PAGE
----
Harry Osborn has become the Green Goblin again. After a climactic battle with Spider-Man, he's still free and roaming the city. Vermin, who was captured by the police last issue, is once again in the care of Dr. Kafka.
|Cover Art:||Sal Buscema|
|Reprinted In:||Complete Spider-Man (UK) #24|
Since this is just an extended epilogue to the last six issues, I’m gonna run through this fairly quickly.
Spidey is meeting on a rooftop with Mark Raxton (aka Molten Man) to tell him about Harry’s relapse into supervillainy. Raxton is rather upset, because it was Harry who gave him a job and a chance at going straight several months ago (way back in Web of Spider-Man #62). Now he has the unenviable job of breaking the bad news to Liz, Harry’s wife.
Then Spidey goes and visits Dr. Kafka to check in on Vermin. After a quick chat he hits the rooftops again. Finally, he gives up and goes home to MJ. Peter starts in about how he feels guilty for just letting Harry get away last issue, but MJ puts a hand over his mouth and quietly leads him to bed. After a short while we see Peter out of bed with his Spider-Man costume on as once again he goes out looking for the Green Goblin (I think one unknown superpower all superheroes have is the ability to stay sane without regular sleep).
Meanwhile, the Green Goblin is flying around town and having an argument with himself. Is he really the caring, loving family man he thought he was, or is he the strong-willed and evil Green Goblin? Unable to decide, he once again visits his son Normie to say goodbye (he must have done this while Spidey was visiting with Dr. Kafka). Liz, however, checks in on her son and sees Harry in costume. She screams in terror, but Harry is already flying out the window. The Green Goblin then goes on a mini-rampage in the deserted streets below. Finally, he decides to go away somewhere safe and start planning his revenge on Spider-Man.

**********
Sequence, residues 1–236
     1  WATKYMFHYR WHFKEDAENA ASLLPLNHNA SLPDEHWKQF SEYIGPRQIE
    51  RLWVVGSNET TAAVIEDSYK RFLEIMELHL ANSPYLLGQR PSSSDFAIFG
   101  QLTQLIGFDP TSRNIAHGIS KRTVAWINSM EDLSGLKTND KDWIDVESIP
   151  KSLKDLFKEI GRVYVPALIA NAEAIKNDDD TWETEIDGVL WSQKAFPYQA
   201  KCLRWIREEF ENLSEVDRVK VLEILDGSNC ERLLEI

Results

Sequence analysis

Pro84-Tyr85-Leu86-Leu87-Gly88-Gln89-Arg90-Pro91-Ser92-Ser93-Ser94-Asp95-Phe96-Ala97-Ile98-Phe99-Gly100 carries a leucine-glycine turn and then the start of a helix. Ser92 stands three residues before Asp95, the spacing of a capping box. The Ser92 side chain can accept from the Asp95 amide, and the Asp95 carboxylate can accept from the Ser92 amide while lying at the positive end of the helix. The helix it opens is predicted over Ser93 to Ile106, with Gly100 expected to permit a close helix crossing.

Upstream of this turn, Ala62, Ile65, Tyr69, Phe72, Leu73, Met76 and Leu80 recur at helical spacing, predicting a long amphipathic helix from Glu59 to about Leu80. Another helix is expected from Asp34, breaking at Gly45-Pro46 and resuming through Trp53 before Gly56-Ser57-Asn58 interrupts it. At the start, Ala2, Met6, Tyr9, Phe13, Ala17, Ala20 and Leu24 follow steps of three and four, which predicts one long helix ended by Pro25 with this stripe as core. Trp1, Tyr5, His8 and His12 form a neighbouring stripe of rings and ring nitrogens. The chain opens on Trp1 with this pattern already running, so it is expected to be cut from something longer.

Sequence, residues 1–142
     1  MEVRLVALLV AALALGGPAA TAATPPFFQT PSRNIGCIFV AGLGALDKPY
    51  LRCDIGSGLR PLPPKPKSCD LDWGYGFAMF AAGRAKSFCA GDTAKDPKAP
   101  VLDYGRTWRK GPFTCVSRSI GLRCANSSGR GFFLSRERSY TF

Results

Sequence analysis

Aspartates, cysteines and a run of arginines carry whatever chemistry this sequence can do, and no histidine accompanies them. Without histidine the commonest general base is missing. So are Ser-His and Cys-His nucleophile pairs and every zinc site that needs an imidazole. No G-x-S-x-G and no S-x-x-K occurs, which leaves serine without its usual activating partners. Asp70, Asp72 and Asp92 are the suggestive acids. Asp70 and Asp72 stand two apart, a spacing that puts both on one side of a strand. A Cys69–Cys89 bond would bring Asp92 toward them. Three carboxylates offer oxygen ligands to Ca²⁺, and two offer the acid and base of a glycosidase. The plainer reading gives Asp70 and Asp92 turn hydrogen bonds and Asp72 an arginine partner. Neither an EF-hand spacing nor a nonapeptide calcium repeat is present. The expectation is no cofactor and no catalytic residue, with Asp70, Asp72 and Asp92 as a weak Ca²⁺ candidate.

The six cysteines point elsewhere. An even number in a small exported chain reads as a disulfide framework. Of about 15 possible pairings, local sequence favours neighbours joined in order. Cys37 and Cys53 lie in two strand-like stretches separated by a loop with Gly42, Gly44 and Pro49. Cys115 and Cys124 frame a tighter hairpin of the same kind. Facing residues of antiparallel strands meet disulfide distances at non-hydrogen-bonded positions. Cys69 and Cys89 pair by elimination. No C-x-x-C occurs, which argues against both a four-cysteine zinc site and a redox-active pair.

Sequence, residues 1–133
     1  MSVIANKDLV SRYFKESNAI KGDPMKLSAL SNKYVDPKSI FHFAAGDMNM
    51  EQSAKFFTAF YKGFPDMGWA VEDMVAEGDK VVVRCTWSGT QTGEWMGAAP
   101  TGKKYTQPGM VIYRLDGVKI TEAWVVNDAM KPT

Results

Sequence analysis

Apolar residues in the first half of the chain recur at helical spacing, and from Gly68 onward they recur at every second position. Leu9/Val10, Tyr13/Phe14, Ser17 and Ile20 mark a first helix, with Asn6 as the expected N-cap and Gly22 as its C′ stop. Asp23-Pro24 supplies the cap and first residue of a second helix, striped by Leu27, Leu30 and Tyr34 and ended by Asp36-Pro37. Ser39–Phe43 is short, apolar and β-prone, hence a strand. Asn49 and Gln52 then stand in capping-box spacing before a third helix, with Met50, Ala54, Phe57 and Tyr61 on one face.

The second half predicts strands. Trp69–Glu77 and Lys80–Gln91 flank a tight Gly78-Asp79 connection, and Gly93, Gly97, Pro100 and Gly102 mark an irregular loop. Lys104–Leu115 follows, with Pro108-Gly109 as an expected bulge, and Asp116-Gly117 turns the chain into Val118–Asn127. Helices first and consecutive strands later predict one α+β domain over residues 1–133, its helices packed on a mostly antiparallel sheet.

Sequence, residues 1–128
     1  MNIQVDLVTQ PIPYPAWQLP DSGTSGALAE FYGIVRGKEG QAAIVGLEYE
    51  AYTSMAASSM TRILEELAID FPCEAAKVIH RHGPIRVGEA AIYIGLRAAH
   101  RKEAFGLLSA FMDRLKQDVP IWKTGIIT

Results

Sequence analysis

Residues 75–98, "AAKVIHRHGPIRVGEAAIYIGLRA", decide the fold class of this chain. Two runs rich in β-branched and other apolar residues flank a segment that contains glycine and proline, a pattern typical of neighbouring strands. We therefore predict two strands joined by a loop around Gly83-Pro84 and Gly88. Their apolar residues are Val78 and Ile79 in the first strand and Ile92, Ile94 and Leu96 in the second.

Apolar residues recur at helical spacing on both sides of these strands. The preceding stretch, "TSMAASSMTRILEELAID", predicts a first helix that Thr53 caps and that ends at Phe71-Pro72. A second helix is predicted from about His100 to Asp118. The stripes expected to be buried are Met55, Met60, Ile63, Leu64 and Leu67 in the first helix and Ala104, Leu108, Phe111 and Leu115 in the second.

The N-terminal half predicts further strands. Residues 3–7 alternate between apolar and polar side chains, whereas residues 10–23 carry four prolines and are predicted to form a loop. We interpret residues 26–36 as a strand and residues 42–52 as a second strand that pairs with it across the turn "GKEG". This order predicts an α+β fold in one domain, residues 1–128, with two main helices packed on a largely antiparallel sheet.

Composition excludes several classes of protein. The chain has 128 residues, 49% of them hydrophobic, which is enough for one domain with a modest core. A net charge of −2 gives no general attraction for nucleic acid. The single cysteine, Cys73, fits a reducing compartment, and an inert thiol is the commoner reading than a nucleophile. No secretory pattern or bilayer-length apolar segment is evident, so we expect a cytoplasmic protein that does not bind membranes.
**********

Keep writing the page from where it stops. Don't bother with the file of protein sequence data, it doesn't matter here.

What about our favorite half rat/half human cannibal? Well, Vermin is back in Dr. Kafka’s observation room. This time he’s actually manifested his Edward persona for a short while, until Vermin takes over and threatens to eat Dr. Kafka. She tells Spider-Man that the time is coming when Edward won’t need Vermin to protect him anymore, since he has faced his biggest fear (a confrontation with his father that sexually abused him as a child) and come out alive.
And on that ominous note, we’ll end this issue’s review.
The Green Goblin comes back with a vengeance in the 30th anniversary special Spectacular Spider-Man #189 (the one with the nifty hologram cover). But that’s not their final battle; that actually occurs in Spectacular Spider-Man #200 (this time with a less nifty holo-foil cover).
Vermin takes center stage again beginning in Spectacular Spider-Man #194, which kicks off the three issue Death of Vermin story arc.
While I really enjoyed this issue at the time, I do have one major problem with it now after re-reading it. It seems to me that J.M. DeMatteis is trying to cram too many characters into one book. We’re getting in depth views into Vermin’s treatment and Harry’s descent into madness, but Spider-Man just gets a few scenes in between. If these dangling plot threads were so important, DeMatteis had plenty of time in the previous six issues to follow-up on them. I think it’s past the time for reflection and high time we move on to something new.